But if you have a loss of $3,001 or more, you will have to carry the loss into the next fiscal year, as your deduction is limited to $3,000.
When the next year comes around, you can take another $3,000 deduction if you end the year with enough in capital losses.
Let’s look at an example.
Luke Losses is a single investor whose income comes from his full-time job in food service and his stock trading activities.
His total income from food service in 2018 is $50,000, while his trading account is net negative $9,000.
Although Luke lost significantly more, he is only able to deduct $3,000 of his net loss from his taxes in 2017. This gives him a taxable income of $47,000.
But, assuming that he does not gain or lose anything from his investments in the next three years, he can carry forward his losses to take a deduction of $3,000 in 2018, and again in 2019, to fully offset his losses.
The Wash Sale Rule
When it comes to investing and reporting capital gains and losses in your tax return, it’s important to keep in mind the wash sale rule. This rule was designed to try and avoid investors selling stock at a loss for the tax benefits.
A wash sale occurs when you sell a security at a loss, and then buy the same or similar security back within 30 days.
If you do this, you may not be able to take a deduction from your total taxable income. That is the wash sale rule.
Let’s give an example.
Will Washer decides to invest $50,000 in $HD at $100 per share. On July 31, $HD drops to $50 per share, making Will’s investment worth $25,000. He sells all of his stocks at a loss.
Now, let’s say that Will Washer bought 500 $HD again on August 15 at $60 per share, within 30 days of selling his old shares on July 31. His capital loss will be deferred until he sells these new shares.
Since Will Washer participated in a wash sale, his adjusted basis in the new shares is equal to the new basis plus this old loss. Thus, his basis increases by $25,000 and becomes $55,000 (500 x 60 + 25,000).
However, Will Washer’s actual basis (500 x 60) is only $30,000. By participating in a wash sale, then, he adjusted and increased his basis by the $25,000 loss that wasn’t allowed.
What about 1031 Exchanges?
A 1031 exchange is a reinvestment of real estate capital gains to avoid paying taxes on profits received from the property. To explain the concept, let’s use another example.
Ronald Reit bought $250,000 worth of real estate two years ago. He now has $375,000 invested in the property, and sells it for a $125,000 profit (a 50% Return on Investment, or ROI).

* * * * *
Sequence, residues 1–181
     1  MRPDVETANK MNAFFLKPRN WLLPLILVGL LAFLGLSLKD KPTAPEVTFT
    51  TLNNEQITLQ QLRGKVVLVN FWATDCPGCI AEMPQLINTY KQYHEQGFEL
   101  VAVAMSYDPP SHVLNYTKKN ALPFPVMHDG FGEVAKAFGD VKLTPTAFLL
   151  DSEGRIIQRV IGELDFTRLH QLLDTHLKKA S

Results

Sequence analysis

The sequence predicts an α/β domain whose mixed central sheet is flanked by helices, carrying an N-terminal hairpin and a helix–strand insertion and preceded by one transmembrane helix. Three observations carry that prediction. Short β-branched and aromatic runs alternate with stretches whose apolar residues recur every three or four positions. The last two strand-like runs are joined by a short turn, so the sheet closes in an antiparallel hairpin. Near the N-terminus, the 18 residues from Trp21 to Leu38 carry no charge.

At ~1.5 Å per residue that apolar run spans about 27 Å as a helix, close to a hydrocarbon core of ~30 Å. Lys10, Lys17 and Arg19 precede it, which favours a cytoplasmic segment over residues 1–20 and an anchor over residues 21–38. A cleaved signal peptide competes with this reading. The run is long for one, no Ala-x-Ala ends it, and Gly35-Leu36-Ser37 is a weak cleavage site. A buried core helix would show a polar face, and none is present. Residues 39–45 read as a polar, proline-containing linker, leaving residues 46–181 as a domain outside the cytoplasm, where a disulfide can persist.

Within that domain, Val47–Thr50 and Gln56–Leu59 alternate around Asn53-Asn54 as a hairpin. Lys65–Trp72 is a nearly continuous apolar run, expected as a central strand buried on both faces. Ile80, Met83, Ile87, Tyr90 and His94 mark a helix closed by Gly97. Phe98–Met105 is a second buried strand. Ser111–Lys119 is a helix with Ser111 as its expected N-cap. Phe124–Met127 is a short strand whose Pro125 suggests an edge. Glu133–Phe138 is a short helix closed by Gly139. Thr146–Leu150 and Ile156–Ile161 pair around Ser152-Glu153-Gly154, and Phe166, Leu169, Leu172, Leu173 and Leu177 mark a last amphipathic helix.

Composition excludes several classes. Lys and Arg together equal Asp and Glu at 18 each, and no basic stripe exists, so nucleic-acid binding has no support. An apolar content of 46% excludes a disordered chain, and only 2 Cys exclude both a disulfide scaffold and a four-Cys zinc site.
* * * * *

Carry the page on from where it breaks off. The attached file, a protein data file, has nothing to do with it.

Ronald must sell all the profits he wishes to realize and invest the total amount in another real estate property within 45 days of the sale to avoid paying capital gains tax on his profit.
Tips to Minimize Capital Gains Taxes
No one likes to pay taxes – but it’s rarely possible to weasel out of your full tax bill. However, we’ve put together a few tips to help you minimize your capital gains taxes as much as possible.
1. Try to hold your investments for more than one year.
This allows you to qualify for the lower, long-term capital gains tax rate.
2. Exclude your homes sales from your tax bill.
There are two rules that come with this:
- You must own a home and use it as your main residence for two out of five years
- You must not have excluded another home from capital gains tax in the two years you lived in said house.
If you abide by these rules, you can exclude up to $250,000 of capital gains from your home sales if you’re single. Married couples can exclude up to $500,000.
3. Carry losses over.
As we discussed, you may be able to deduct losses from your total taxable income if your net capital gain is negative. Since you can only deduct a $3,000 loss for the current year, carrying over your losses can help you minimize your capital gains tax impact in future years.
Keep in mind, however, that this only applies if you continue to see net losses (or at least no gains) in future years.
4. Invest in a Roth IRA.
Roth IRAs are retirement accounts that grow over time. The best part is, you don’t have to pay capital gains taxes on your profits when you withdraw!
A Final Word on Capital Gains and Losses
There are many different types of taxes to be aware of come spring. If you’re an investment, trader, or asset collector, capital gains is an important tax to keep in mind!
To learn more about investment income taxes, check out our article on portfolio taxation.
Questions on capital gains and losses, or how they relate to taxes? Let us know!